Published April 04, 2018 by Rebecca Goldfine

First-Generation First-Years Share Why They Chose Bowdoin

A few days after his high school guidance counselor recommended to Dylan Bess that he consider applying to Bowdoin, an admissions representative from Bowdoin visited his school in St. Louis, Mo. And she spoke his language.

“I fell in love with it — just the way she presented the school. She was so passionate about it, and was talking about it in a way that made it seem quality-of-life focused rather than a hard, competitive environment,” Bess said.

Bowdoin offered what Bess wanted: a rigorous academic experience in a supportive, close community — something similar to what he had experienced in his high school, Metro Academic/Classical High School. “When I was choosing Bowdoin, I wanted to be in a community that is helpful and caring,” he said.

Kathryn McGinnis ’21 went to a high school in a “cornfield,” she jokes, in a rural town outside of Columbus, Ohio.

As part of the QuestBridge Scholars Network at her high school, McGinnis received information from Bowdoin’s admissions department, encouraging her to apply. So far, she’s been impressed by the richness of offerings here. “Last week, I was walking around and stumbled into a lecture on US-China relations,” she noted. And she’s taken advantage of “the availability of resources here to do what you want to do,” by joining the equestrian team and writing for the campus newspaper. She is also applying for a funded internship grant from Bowdoin Career Planning to work at the Gettysburg National Battlefield this summer.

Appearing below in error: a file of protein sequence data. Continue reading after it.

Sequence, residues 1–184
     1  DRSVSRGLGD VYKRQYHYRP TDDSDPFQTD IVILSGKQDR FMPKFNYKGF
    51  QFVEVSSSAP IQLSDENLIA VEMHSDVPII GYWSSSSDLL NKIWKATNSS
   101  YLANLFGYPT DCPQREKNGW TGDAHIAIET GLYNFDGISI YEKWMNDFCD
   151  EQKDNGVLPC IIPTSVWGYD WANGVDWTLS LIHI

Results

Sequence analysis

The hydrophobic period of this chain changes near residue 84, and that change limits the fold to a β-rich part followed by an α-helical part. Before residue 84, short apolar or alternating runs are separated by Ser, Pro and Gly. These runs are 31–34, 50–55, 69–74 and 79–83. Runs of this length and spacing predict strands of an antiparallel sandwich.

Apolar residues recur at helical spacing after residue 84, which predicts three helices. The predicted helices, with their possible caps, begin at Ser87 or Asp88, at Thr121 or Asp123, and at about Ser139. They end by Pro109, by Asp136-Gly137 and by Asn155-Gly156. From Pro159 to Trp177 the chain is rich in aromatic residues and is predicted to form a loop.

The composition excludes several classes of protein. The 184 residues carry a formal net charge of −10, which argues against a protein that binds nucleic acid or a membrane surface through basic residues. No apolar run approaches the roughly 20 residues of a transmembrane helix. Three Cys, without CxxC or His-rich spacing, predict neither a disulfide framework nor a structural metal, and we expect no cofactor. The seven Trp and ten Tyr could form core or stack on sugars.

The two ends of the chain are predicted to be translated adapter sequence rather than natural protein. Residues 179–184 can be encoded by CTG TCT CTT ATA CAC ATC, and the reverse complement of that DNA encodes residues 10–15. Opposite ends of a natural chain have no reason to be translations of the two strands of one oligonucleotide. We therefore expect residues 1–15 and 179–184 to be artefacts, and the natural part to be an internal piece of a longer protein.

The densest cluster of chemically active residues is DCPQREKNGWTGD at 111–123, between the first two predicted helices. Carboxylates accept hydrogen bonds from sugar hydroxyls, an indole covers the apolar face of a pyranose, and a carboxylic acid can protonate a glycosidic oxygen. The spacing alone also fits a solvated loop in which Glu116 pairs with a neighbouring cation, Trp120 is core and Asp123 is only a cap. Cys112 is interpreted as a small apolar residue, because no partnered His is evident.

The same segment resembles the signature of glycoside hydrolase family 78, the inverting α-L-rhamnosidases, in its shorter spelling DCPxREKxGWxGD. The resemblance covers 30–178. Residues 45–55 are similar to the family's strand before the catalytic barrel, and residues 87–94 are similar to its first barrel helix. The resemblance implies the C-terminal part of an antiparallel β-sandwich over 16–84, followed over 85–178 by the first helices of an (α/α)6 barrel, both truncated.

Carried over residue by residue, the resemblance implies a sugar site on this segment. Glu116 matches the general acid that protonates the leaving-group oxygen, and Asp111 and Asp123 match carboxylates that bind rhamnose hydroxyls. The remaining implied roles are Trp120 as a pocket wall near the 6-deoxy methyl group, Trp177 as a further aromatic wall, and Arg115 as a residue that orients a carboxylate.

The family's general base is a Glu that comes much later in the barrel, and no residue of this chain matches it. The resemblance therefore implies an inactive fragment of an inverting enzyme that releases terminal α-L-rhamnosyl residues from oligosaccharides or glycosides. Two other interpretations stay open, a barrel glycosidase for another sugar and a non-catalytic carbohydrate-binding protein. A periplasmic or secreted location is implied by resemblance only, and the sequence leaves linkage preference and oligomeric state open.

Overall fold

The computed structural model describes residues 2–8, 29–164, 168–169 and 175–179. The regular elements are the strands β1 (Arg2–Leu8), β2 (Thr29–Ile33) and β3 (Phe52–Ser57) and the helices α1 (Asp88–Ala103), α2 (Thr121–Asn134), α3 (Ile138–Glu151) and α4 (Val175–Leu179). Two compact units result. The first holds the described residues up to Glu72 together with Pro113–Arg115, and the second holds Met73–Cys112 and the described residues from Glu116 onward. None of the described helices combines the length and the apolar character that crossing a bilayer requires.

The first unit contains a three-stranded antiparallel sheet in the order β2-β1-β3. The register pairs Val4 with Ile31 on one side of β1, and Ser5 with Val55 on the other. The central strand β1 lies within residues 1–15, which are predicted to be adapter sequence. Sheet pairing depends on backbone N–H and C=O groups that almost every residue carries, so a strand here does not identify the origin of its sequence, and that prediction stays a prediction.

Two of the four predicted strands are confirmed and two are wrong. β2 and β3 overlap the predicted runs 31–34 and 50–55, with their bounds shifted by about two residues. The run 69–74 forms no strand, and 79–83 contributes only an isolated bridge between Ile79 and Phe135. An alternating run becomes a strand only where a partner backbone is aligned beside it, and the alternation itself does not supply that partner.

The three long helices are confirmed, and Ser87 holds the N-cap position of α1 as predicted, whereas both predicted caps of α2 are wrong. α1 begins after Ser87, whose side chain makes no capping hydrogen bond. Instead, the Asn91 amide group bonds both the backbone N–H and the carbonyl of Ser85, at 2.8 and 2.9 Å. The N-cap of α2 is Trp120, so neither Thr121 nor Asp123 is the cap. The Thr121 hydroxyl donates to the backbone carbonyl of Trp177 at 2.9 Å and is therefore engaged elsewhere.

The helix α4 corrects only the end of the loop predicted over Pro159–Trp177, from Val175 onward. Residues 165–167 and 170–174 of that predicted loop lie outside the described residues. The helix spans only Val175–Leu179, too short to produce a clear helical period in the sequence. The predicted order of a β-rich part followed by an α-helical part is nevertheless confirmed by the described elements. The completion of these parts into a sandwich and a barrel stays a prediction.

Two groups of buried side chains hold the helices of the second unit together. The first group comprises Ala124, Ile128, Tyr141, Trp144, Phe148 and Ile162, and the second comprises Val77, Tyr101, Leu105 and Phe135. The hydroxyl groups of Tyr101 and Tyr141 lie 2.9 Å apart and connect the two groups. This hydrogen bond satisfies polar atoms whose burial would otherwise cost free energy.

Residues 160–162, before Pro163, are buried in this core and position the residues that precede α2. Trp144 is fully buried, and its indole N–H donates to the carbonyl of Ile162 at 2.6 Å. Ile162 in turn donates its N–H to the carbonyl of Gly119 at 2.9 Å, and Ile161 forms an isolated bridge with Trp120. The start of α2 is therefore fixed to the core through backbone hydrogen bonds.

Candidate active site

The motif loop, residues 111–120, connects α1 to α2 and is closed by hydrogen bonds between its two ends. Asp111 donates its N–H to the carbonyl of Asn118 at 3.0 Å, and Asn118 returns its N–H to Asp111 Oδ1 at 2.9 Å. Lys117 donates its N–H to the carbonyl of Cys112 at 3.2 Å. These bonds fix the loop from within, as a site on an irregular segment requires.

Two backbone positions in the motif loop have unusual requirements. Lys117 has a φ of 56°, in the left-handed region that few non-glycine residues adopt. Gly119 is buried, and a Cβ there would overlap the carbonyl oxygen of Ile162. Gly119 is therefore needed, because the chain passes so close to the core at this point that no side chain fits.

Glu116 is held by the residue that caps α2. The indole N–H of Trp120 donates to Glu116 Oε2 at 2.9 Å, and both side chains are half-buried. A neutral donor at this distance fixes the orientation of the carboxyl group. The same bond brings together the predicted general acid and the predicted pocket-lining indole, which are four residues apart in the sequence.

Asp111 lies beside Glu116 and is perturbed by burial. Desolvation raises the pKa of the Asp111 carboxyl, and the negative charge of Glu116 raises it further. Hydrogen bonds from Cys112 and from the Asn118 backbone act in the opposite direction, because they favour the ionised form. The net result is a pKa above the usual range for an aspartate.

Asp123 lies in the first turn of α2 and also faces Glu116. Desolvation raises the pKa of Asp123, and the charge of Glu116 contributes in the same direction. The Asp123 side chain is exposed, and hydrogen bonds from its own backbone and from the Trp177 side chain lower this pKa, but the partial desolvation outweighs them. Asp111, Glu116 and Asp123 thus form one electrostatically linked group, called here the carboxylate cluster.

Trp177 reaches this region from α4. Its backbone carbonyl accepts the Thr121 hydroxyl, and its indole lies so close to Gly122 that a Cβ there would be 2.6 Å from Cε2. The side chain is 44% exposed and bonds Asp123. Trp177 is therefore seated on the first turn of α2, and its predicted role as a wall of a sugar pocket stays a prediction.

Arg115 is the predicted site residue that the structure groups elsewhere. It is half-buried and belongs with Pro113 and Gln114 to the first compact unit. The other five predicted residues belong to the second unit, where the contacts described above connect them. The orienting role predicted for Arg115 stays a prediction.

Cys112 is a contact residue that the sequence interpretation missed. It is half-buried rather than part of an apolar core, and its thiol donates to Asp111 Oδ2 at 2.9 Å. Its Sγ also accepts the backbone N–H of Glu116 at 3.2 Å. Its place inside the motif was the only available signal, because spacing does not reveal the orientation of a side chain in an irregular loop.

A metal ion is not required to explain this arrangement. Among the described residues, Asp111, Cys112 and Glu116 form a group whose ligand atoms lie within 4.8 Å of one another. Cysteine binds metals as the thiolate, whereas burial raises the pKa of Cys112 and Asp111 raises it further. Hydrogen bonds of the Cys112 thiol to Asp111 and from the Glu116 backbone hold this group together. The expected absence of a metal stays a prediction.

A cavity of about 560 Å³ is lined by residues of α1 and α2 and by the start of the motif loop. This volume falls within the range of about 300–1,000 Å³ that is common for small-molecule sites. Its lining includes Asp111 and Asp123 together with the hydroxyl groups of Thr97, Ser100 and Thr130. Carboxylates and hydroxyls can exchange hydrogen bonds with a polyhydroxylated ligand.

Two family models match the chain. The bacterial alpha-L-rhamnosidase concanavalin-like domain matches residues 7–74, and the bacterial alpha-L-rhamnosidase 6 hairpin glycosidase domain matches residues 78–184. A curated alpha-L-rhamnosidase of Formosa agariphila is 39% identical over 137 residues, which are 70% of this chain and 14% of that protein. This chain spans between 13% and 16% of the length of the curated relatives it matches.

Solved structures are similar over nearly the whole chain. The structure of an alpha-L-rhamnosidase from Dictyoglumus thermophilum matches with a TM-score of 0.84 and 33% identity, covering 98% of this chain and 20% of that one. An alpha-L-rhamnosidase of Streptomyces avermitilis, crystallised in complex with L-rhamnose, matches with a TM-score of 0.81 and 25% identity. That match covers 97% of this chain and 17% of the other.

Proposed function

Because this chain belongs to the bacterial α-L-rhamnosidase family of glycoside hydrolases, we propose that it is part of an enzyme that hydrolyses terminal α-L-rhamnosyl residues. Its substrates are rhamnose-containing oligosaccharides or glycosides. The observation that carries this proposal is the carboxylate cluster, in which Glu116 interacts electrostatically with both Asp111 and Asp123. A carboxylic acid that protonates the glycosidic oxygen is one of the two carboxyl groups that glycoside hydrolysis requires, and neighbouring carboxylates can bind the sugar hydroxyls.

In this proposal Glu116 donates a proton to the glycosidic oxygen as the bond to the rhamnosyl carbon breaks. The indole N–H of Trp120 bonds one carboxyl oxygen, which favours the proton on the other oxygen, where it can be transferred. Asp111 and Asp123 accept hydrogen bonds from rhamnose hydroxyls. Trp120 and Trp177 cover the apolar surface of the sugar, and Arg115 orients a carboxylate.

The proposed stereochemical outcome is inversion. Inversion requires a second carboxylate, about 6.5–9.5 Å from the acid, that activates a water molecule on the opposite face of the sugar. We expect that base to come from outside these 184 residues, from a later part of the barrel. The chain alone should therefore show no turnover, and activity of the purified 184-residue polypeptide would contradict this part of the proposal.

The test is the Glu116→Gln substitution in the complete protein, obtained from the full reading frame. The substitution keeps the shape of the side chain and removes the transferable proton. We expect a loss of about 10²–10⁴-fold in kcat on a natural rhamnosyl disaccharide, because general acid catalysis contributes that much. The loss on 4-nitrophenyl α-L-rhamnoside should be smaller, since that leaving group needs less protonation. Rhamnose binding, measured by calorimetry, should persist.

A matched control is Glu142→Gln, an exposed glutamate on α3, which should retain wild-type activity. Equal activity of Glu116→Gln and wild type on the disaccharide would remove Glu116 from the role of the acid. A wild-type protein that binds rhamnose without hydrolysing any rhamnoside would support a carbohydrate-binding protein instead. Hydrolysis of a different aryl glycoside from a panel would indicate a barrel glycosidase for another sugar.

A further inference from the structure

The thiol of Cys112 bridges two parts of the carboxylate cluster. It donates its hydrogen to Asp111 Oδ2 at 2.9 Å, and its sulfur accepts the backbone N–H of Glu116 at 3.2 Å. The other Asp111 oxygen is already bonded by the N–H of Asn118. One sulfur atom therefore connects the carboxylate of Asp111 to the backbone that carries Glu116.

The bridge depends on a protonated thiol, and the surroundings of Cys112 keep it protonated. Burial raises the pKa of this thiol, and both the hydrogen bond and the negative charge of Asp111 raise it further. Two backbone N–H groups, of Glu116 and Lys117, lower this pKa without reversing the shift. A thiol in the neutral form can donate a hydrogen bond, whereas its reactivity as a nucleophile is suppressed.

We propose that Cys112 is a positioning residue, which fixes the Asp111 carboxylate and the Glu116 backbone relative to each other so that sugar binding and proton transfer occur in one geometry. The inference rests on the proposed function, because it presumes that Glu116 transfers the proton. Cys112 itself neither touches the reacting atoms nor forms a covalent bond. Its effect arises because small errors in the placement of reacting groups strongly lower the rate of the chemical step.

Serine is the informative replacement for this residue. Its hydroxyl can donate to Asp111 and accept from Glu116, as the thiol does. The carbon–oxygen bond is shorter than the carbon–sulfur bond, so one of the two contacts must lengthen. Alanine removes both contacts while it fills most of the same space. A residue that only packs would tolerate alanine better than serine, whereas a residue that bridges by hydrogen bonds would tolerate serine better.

Though she’s appreciative of all the resources and funding available, particularly for first-generation students like her, McGinnis said she first tries to tackle challenges on her own before seeking help.

“There’s not enough time in the day to go to the writing center or see all the tutors!” she said. “If I need help usually I’ll hunker down first myself before I’m like, ‘Okay, I’ve hit the bottom, now I’ve got to go get help.’ I think we [first-generation students] are still trying to prove to ourselves that we belong here.”

When Srini Pandiyan began visiting colleges around the country as a high school student, he decided he wanted to study at a school with a close community.

His own family is very tight. “Traveling around the country, visiting these colleges, I realized this would be a time of my life when I will not have readily accessible support from my family, and I’ll be hundreds of miles away,” he said.

So he was relieved when he stepped onto the Bowdoin campus and sensed he would feel comfortable here — that he would have a “family outside of my family and away from home.”

Pandiyan’s parents have always emphasized the importance of obtaining a college degree, but Pandiyan had to convince them of the value of a liberal arts education. “For them, they were like, what would you do with a degree in the humanities? Or something that wasn’t engineering or medical school,” he said. “And I told them, you can do anything with a degree from a liberal arts college.”

Bowdoin has joined 68 of the nation’s top-performing colleges and universities in an alliance to substantially expand the number of talented low- and moderate-income students at America’s undergraduate institutions that have the highest graduation rates.

Launched in December 2016, the American Talent Initiative is supported by Bloomberg Philanthropies and was founded with a national goal of educating 50,000 additional high-achieving, lower-income students at the 270 colleges and universities by 2025.

Each ATI member institution will enhance its own efforts to recruit, enroll, and support lower-income students, learn from each other, and contribute to research that will help other colleges and universities effectively serve lower-income students.

“We welcome the opportunity to collaborate, develop, and share best practices with other schools that share Bowdoin’s goal of making education more accessible,” said Bowdoin College President Clayton Rose.